Bowl of Chili


“Elgin, Joe, El, and I were enjoying a bowl of chili. Sure, there were a couple of cases of beer in the fridge. Joe and El had just gotten back from Viet Nam. Elgin was an older man. It was a frosty night. The rickety old trailer house wobbled occasionally as short blasts of cold winds slammed into the north side of the simple home.

In the kitchen, Elgin was laughing and bragging about his secret recipe for chili, which was nothing more than the right amount of cans of Van Camps beans. I was barely sixteen at the time and the women, hanging out in the front room, were teasing everyone. Yea, they were too old for me, but they were sexy.

A GMC pickup truck and a Bonneville rumbled up the driveway – lights out. One of the girls peeked out the window and saw the vehicles as they stopped next to the trailer. After idling for a bit, the engines were cut and five guys got out of the smoky cars. Another woman, eyes set determined, grabbed my arm and said, “Get the hell out of here.” She ran down the hallway practically dragging me along. She shoved me into the bedroom closet and said, “Sit down there and be quiet.” She covered me with blankets, curtains, dirty clothes and baby stained bedding.

“Sit down there and don’t move – don’t say anything,” she said. She shut the closet door and just then I heard the front door slam open with a loud crash. The uninvited guys had kicked the door off the hinges and strode into the trailer each of them carrying guns and whisky. The women were screaming and crying and pleading with the intruders to leave – but they wouldn’t leave. I heard furniture and glass breaking. I heard more fighting and I heard people talking – I couldn’t understand what they were saying. Then it got really quiet. The intruders took the beer and threw the chairs and dishes out the front door. I heard gunshots. The GMC fired up and roared off into the night. I could hear one of the women running down the hallway – she opened the closet door and whispered, “Get out of here – they’ll be back.” There were more gunshots outside. I climbed out the bedroom window and as I walked away, I looked into the front room and saw Elgin kneeling down with a rifle pointed at the back of his head. Elgin was crying. I walked off into the dark leaving my jacket behind and made my way home in the winter night.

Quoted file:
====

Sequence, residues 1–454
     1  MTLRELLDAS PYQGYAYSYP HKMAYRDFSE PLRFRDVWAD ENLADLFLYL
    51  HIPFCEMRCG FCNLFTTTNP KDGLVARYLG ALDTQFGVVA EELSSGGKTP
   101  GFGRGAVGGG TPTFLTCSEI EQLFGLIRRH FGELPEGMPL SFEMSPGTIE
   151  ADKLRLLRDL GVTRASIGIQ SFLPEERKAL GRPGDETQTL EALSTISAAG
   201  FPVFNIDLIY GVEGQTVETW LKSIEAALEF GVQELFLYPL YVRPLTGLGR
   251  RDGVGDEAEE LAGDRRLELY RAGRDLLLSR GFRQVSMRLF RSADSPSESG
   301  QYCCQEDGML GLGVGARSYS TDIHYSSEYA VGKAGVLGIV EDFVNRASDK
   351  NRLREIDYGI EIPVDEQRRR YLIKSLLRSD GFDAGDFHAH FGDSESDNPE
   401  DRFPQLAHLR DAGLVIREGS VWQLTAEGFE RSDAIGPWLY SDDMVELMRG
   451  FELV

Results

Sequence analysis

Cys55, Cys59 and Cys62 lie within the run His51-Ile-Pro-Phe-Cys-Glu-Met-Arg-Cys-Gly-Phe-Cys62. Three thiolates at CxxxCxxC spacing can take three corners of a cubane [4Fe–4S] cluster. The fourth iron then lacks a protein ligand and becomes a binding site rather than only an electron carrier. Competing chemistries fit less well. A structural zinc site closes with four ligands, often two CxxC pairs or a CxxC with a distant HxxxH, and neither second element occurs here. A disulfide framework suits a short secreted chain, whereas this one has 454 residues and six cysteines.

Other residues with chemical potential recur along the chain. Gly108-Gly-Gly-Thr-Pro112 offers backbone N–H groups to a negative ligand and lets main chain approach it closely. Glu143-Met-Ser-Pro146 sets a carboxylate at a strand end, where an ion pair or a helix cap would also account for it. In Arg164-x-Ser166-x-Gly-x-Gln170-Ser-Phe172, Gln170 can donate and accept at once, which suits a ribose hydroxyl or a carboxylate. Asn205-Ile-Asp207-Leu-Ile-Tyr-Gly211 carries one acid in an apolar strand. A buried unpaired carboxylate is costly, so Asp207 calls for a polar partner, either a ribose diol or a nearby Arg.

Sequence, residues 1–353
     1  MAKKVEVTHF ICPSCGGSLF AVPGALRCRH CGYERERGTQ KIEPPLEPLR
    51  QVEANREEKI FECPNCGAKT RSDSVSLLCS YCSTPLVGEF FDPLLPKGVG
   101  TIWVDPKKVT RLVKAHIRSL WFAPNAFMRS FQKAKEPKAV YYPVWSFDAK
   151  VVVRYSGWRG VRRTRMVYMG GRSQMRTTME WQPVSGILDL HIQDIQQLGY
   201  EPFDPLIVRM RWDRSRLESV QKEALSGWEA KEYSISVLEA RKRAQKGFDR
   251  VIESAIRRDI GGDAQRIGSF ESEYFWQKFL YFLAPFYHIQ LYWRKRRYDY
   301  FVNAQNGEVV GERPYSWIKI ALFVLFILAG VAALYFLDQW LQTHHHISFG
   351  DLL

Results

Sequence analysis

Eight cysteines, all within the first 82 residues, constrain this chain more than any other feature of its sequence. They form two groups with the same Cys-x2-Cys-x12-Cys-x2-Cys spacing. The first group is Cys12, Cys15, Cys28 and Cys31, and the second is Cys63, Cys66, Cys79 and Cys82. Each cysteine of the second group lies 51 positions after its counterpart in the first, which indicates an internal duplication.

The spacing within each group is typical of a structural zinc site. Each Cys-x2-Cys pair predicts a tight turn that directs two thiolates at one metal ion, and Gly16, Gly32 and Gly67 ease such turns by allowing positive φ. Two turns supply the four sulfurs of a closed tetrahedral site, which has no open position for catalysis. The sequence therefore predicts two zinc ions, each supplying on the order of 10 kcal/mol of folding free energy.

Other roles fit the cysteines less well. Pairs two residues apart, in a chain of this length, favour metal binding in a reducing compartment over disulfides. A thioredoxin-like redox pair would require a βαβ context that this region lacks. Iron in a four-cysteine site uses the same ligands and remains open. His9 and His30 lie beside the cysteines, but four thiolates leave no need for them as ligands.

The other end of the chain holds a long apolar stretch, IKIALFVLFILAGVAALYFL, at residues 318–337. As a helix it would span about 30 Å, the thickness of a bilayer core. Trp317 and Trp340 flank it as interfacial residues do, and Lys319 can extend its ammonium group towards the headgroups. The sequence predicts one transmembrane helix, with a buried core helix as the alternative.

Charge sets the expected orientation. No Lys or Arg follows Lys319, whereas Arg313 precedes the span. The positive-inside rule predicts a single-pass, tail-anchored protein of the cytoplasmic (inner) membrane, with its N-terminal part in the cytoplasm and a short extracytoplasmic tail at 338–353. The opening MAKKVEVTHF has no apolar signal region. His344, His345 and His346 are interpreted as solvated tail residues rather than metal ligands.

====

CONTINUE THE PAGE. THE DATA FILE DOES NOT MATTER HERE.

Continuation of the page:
This was my belated sixteenth birthday party – I’ve never had another birthday party since then. Elgin lived, but he was never the same.”

(Excerpt from an unpublished interview).© 2015


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